I jumped in. A friend of a friend is a developer for iOS, and he had a couple extra device spots for a beta tester, so I signed up. I upgraded my iPhone 4 and iPad (original) to the iOS5 beta. It took me all of half a second to decide to do it.
Now, a few days in, I can tell you I will never be so fast to jump in again. At least with my iPad. I just need to know the apps on there work. I lost several apps that are key to my work flow. I don’t have to have most of them on my iPhone, but I use them on the iPad daily. I don’t blame the app developers (And I for sure don’t go post negative reviews on the app store about it!), they should not have to support a beta software. That’s why it’s a beta. I should have updated one and not the other. But I wanted to play with iMessage and sync docs back and forth through iCloud.
But my iPad isn’t a toy. I use it for work. Suddenly key apps did not work. I know that they will work again, but for now I’m out of luck. I am waiting eagerly for the next version of the beta, hoping it magically fixes these important-to-me apps. Take it from me, rushing headlong into beta testing is not smart.
Now running it on my iPhone, that is another story.
The Cool Factor:
There is something narciisiticlly nice about being the center of attention. People gather around as you demonstrate the features they have been hearing about in the newest version of iOS. They cannot get this new thing for months, but they want it and you have it. There are enough parts of the new beta working that you can show it off, but just be sure not to expect glitch free bragging. Invariably, something will drop. That’s OK, this is a beta. It’s not supposed to be perfect. And it is cool.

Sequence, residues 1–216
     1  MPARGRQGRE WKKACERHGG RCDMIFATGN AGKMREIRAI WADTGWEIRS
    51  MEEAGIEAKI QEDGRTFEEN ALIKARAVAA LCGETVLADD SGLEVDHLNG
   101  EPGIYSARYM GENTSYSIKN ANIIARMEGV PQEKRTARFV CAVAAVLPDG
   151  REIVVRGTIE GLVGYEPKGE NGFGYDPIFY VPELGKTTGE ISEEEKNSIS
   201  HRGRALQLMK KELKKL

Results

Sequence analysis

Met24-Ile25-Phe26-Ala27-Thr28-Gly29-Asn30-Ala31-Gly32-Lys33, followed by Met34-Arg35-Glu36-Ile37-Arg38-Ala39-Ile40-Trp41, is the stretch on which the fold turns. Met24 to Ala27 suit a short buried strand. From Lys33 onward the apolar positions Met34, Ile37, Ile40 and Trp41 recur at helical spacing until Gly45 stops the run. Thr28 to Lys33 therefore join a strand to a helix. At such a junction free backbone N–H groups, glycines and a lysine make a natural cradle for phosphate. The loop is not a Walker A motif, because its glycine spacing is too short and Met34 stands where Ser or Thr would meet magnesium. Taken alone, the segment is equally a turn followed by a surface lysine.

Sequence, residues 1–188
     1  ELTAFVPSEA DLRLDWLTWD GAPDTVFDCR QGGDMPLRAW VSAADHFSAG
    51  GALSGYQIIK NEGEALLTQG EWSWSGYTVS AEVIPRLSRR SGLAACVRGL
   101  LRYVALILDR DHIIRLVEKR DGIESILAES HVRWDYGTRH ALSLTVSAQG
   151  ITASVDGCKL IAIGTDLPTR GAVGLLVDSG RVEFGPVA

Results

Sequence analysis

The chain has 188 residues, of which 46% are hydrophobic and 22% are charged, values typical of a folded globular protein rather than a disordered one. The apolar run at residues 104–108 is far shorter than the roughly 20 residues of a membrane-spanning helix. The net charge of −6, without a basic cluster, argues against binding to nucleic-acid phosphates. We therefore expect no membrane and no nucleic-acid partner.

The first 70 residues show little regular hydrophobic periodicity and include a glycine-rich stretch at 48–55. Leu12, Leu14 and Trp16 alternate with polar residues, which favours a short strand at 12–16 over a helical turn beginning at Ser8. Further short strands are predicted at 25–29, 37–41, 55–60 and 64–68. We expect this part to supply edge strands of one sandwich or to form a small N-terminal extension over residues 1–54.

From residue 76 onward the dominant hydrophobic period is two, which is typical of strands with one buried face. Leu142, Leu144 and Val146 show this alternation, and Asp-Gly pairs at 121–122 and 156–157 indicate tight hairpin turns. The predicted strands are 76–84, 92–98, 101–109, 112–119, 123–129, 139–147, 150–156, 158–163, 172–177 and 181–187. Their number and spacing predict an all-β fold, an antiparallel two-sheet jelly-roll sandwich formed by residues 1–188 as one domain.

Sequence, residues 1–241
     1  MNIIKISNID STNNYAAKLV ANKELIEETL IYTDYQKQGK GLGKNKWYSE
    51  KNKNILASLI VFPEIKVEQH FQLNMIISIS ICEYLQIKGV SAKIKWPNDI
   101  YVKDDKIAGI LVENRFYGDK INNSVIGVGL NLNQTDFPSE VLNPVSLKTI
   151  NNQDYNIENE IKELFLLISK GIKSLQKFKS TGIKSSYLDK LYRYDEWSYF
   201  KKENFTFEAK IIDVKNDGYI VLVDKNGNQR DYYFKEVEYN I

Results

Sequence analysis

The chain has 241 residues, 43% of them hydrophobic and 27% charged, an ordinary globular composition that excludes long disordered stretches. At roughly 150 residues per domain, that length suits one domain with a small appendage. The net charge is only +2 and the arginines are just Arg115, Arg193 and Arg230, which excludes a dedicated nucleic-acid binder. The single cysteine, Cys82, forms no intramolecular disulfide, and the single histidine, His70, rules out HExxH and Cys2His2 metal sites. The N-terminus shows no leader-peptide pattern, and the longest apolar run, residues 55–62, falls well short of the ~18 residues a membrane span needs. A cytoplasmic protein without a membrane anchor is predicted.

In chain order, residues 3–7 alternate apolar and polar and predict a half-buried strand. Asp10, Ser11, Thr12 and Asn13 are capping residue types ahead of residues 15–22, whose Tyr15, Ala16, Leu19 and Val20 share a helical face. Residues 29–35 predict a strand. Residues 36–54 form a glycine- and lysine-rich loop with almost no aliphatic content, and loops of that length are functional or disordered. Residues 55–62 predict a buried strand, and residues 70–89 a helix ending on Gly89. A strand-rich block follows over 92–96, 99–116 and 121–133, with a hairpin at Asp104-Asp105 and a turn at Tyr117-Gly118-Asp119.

One of the reasons I wanted to do this is to use the features mentioned in the keynote. iOS5 is going to be amazing. I would go on about how cool it is, but I don’t want to say too much.
The Non Disclosure Agreement is pretty intense. I don’t blame Apple. Beta software isn’t perfect, and no company wants people complaining about what may or may not be working. So, I won’t be talking much about it, even though some blogs feel free to say plenty.
In the meantime I eagerly await the next version of the beta, in hopes that my summer won’t be completely jacked up by my impetuousness. I’d roll my iPad back, if I could. But, in the meantime I wait, and use alternative apps to get my work done. Oh, and enjoy a great new iOS from Apple.
2 thoughts on “Summer of Discontent: Running iOS5 Beta”
You’re very brave. I can’t afford to have a device crippled even for short while – even if I am very very very curious to try iOS5. 🙂 I am very much looking forward to the official release.
So far I’ve found the IOS5 beta on the iphone4 to be pretty stable. I’ve only found 3 apps that don’t work out of 55 on my device. Push mail seems to be sporadic. It will work for a while, giving me a tone when email comes in and putting it in the notification center. But then it will stop working. Turning the device off and then back on fixes it every time, but only for a while. A few emails later and it will stop working again. You can still get email, you just have to go into the app for it. Not sure what the problem with that is but overall I am very surprised that a first beta runs so well.
Comments are closed.